7 March 2024

“It takes an entire ASEAN QA community to raise even one single ASEAN assessor”, The Fostering of AUN-QA Assessors

Patitin Lertnaikiat
AUN Programme Officer;

Photo provided by Mahidol University

Ever since the inception of AUN-QA in 1998, it has seen steady growth for over two decades and today stands as one of the strongest networks for QA practitioners in the ASEAN region. In regards to the AUN-QA Assessor Community, its success has been the painstaking combined effort of the people involved that has shown great care and attention to elevating the standards of quality of higher education institutions (HEIs) in the ASEAN region. The expansion of the community was facilitated by the careful selection and training of AUN-QA assessor trainees that have undergone the Assessor Training Workshop (AUN-QA Tier 2 Training) for AUN-QA Programme Assessment (PA). As of March 2024, AUN-QA is home to 189 assessors spanning across 9 different countries: Brunei, Cambodia, Indonesia, Laos, Malaysia, The Philippines, Singapore, Thailand, and Viet Nam.

The AUN-QA Tier 2 Training is a long-standing workshop that has so far conducted 15 batches for a total of 469 participants ever since its establishment in 2013. It provides an opportunity for AUN-QA assessor trainees from across the ASEAN region to build essential skills, knowledge and understanding of their roles in providing quality assurance services in the real-world setting of an AUN-QA Programme Assessment. In order to facilitate the need for hands-on learning and training experience, the workshop is usually conducted in tandem with an official AUN-QA PA. In the case of the 15th AUN-QA Tier 2 Training, the workshop was conducted in parallel with the 373rd AUN-QA PA at Mahidol University, Thailand, which provided trainees the opportunity to observe good practices to enhance their training experience.

During the 15th AUN-QA Tier 2 Training workshop and the 373rd AUN-QA PA at Mahidol University, Associate Professor Dr. Tan Kay Chuan from National University of Singapore (NUS) and AUN-QA Technical Expert delivered a speech of appreciation to Mahidol University for hosting the training and allowing participants to observe a live PA. In his speech, Dr. Chuan also provided insight on the lengths that the ASEAN QA community goes towards training QA practitioners to become qualified assessors, encapsulated in one single sentence: “It takes an entire ASEAN QA community to raise even one single ASEAN assessor”. 

The words uttered in that one sentence alone contains more than a decade of an entire community’s sentiments in the fostering of AUN-QA assessors and the lengths its people go through to raise the best of the best assessors for ASEAN. First of all, quality assurance (QA) has been one of the key aspects of HEIs for many decades. Throughout these years, the ASEAN QA community’s own culture has developed in ways that promotes the compilation of good practices and training of new QA practitioners through collective efforts, collaboration and passage of knowledge by experts and veterans in the field. Although such a cultural practice may not be set in writing all of the time, it absolutely exists and with it comes a wealth of knowledge and practices that the people in this community have created in regards to ensuring quality in HEIs.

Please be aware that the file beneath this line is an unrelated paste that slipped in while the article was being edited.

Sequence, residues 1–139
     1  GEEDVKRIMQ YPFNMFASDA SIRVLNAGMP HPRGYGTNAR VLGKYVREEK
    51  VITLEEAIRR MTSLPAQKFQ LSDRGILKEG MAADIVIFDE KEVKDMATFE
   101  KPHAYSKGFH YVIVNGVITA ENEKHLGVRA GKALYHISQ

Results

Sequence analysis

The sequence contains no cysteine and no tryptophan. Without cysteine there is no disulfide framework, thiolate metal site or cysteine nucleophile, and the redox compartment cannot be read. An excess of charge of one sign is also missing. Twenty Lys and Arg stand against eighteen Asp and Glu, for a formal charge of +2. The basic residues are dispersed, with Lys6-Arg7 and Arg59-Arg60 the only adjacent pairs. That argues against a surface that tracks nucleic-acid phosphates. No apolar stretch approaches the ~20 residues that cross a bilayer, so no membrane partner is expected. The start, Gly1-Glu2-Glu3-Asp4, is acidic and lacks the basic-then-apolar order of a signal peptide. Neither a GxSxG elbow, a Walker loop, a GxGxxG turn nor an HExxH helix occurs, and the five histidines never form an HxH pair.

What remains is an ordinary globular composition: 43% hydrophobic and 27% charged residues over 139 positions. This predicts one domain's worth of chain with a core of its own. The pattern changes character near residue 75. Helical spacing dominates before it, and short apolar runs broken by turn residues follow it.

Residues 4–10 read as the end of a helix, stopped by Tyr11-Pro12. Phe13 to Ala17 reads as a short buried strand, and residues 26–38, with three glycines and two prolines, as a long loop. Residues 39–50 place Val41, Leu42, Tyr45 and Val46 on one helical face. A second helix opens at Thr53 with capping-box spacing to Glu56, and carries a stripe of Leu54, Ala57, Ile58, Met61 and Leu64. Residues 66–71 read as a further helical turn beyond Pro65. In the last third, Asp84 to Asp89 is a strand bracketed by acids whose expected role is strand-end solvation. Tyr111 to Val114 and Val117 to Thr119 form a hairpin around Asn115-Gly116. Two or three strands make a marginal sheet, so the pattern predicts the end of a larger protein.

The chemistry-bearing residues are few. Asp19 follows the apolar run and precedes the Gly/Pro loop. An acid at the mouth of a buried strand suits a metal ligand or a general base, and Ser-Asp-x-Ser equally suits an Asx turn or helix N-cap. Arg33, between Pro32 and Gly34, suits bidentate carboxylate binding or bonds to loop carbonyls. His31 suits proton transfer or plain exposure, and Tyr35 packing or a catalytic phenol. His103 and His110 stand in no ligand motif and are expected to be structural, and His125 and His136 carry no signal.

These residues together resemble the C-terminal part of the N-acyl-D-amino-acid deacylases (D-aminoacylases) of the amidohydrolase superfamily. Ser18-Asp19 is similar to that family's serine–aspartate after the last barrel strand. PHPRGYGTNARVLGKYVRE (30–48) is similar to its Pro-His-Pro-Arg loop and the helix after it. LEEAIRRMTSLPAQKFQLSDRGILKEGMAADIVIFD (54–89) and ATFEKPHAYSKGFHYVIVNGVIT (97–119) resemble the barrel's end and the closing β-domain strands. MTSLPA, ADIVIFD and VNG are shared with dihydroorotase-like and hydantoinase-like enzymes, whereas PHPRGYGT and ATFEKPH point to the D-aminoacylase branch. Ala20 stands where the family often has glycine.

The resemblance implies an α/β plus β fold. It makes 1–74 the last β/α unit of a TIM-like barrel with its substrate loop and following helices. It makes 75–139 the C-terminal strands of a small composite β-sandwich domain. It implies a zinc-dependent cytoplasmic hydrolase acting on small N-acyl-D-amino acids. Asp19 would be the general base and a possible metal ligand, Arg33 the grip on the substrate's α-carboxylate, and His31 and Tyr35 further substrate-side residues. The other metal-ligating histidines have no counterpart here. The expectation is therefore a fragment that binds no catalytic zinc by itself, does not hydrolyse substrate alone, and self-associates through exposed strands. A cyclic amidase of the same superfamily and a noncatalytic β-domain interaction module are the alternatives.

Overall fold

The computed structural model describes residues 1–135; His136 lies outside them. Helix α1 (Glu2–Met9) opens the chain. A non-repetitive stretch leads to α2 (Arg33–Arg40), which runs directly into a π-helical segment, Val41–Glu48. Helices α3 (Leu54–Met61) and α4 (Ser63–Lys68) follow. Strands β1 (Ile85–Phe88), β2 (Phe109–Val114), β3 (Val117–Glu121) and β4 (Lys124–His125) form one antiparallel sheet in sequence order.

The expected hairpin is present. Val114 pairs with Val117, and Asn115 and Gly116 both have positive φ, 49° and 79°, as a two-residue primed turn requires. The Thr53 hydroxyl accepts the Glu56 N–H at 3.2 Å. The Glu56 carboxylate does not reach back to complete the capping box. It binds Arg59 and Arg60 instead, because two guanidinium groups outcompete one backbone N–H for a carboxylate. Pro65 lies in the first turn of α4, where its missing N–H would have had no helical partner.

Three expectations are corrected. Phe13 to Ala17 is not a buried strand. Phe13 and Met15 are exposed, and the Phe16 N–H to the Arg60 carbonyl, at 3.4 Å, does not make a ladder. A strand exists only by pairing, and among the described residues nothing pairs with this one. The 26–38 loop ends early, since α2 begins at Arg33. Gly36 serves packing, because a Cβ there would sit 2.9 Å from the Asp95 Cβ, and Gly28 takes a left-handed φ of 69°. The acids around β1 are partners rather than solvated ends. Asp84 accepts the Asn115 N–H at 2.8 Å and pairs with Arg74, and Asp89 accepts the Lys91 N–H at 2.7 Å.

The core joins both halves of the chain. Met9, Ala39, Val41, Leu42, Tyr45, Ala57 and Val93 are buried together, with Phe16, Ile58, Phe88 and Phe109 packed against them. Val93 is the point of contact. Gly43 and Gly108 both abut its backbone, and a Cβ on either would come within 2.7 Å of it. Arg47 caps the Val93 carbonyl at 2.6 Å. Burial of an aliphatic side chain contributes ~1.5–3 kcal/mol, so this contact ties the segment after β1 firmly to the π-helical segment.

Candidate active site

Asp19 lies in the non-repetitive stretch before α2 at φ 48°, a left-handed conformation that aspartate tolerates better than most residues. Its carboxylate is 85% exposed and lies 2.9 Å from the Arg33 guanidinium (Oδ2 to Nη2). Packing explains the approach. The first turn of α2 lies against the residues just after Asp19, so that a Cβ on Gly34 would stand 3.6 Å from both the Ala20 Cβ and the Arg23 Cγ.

This culture determines the way things are done for all components related to ASEAN QA and it is impossible for one by themselves to take it all in alone. The community must come together to share its knowledge and best practices to foster newcomers of QA in order to ensure the successful future of the QA culture in ASEAN.

Below is a transcript of Assoc. Prof. Dr. Tan Kay Chuan’s Speech:

Transcript of Assoc. Prof. Dr. Tan Kay Chuan’s Speech:

“You will get to see the facilities, the people, the interaction with the students, alumni, employers and so on. But this particular assessment is more significant in that we are hosting 40 trainees from Malaysia, Philippines, Thailand, and  Vietnam to observe and to train to be future assessors whether it is AUN-QA assessors, or their country’s own university internal assessors or country-level assessors. Everyone is on the same path towards quality assurance. The AUN thanks Professor Banjong and his entire team for allowing this learning to take place. We are all, including myself, personally touched by Professor Banjong’s speech having known him all these years in fostering the ASEAN spirit. Our appreciation also goes to the assessors from Cambodia, Malaysia, Indonesia, Philippines and Singapore for taking their time off to perform this important task. 

One more point to note, they say that it takes an entire village to raise a child. Likewise, an assessor cannot be raised by observing simply just one assessment or one activity. It takes the entire ASEAN QA community to raise even one single ASEAN assessor. And this is what is being achieved today with your assistance, Professor Banjong and his entire team at Mahidol University. We thank you very much for your efforts.”

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